QC: I do not regard myself as a symbol of anything except myself. I think it’s a great mistake for minorities to assume they can demand their "rights." I don’t think anyone has any rights. I think you fall out of your mother’s womb, you crawl across open country under fire, you grab at what you want, and if you don’t get it you go without, and you flop into your grave. So, you have to make up your mind whether to grab what you want, fight for it, or ask for it. Now if you’re in a minority, the only thing you can do is ask for it, because otherwise you will lose.

I don’t believe in role models. If I represent anything beyond myself, I represent the idea of living your own life without doing any particular harm to the world. All you can do is be who you are, and then let the world form round you as it will. I once met Mr. William Burroughs. Within minutes of our being introduced, he said, "What is worth having is worth fighting for," and I replied, "That which we can only maintain by force we should try to do without."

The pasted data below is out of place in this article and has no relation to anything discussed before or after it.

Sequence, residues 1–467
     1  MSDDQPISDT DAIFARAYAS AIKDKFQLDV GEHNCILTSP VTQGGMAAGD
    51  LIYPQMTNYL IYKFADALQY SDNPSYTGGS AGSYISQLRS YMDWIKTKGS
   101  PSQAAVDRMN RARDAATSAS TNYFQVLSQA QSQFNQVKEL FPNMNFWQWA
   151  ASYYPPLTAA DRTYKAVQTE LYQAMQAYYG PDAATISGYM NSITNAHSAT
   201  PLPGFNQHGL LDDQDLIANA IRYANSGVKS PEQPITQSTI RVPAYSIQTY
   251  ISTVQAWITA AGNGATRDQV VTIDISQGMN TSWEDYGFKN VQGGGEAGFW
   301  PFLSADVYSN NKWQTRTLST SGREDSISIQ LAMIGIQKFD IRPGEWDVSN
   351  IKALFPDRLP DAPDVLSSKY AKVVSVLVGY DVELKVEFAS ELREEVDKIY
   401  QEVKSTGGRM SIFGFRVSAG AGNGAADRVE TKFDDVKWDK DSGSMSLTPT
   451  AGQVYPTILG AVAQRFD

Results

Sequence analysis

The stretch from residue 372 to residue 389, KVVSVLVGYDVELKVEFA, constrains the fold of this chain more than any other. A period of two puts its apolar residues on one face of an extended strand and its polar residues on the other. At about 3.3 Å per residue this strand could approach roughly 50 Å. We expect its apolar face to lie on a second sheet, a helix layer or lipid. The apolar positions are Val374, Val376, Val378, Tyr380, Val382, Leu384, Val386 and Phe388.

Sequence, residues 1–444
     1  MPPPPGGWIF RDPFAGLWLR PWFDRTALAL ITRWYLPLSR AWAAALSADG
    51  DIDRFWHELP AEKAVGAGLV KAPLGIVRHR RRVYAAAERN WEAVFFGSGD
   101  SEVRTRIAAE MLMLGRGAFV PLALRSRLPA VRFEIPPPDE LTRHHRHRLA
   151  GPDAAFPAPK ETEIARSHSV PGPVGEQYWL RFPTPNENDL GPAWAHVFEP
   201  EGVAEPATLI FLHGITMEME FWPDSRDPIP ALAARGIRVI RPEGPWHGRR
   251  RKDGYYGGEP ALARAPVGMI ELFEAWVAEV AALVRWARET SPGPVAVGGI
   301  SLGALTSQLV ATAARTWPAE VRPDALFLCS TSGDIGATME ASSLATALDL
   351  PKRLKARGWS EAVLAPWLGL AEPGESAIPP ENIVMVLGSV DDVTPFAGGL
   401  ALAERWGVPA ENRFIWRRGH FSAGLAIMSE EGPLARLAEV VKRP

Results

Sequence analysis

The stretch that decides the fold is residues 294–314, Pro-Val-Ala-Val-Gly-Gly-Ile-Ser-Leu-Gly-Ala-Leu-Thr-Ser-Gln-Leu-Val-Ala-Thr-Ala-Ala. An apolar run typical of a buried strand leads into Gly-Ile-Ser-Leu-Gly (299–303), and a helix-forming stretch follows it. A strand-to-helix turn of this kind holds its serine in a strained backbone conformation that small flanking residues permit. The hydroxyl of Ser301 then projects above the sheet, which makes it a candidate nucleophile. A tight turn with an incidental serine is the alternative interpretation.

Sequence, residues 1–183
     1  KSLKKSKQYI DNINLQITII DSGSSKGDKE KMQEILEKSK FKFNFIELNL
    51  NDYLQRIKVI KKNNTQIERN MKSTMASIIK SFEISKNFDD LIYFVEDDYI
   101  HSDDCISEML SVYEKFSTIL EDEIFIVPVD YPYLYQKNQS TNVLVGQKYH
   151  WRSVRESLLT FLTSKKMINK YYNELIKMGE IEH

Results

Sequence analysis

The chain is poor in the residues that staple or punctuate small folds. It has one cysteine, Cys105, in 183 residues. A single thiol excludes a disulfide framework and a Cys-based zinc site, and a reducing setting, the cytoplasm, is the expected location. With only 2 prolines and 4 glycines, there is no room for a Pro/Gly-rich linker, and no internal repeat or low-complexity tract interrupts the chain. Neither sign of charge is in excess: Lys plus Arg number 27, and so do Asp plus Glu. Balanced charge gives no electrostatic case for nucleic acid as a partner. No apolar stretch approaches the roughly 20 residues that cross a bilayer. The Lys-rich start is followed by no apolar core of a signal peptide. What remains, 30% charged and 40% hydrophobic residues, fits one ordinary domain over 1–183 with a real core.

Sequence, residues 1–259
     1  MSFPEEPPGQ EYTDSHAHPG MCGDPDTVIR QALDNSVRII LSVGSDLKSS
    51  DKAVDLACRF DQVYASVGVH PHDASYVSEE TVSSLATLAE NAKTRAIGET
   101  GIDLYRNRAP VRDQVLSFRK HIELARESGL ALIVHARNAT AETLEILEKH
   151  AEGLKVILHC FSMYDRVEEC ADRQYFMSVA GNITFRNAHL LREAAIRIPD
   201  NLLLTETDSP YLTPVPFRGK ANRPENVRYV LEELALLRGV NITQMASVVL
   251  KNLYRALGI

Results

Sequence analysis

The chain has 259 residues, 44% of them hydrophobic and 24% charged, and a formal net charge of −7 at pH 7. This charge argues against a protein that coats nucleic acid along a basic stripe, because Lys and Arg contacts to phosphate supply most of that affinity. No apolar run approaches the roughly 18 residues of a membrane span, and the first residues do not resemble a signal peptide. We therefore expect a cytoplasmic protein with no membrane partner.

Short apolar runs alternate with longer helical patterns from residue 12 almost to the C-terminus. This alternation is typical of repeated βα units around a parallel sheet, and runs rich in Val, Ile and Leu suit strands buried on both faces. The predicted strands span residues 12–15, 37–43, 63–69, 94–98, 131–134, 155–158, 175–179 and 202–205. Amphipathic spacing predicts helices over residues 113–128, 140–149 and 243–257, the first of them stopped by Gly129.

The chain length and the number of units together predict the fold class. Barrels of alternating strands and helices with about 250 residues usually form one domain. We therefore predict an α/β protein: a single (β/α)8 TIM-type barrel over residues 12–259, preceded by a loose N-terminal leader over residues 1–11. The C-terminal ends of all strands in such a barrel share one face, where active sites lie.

GK: So, it’s only those aspects of ourselves we "maintain by force" that we should eradicate, whatever our sexuality?

QC: Yes.

GK: Any parting words?

QC: I am for everything and everybody. I want what you want.

Read Mr. Crisp's Statement of Apology. Also read Mr. Kettelhack's other 1997 Quentin Crisp interview "Popcorn for the Soul."
Also see his article at NightCharm.

Interview copyright © 1997 / 2007 by Guy Kettelhack. All rights reserved. Used by permission.
Photograph copyright © by Edward St. Marc. All rights reserved. Used by permission.